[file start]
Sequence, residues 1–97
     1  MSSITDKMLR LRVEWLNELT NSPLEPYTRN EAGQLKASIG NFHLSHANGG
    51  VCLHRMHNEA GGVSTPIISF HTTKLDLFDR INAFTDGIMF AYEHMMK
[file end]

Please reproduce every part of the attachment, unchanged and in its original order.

Sequence, residues 1–97
     1  MSSITDKMLR LRVEWLNELT NSPLEPYTRN EAGQLKASIG NFHLSHANGG
    51  VCLHRMHNEA GGVSTPIISF HTTKLDLFDR INAFTDGIMF AYEHMMK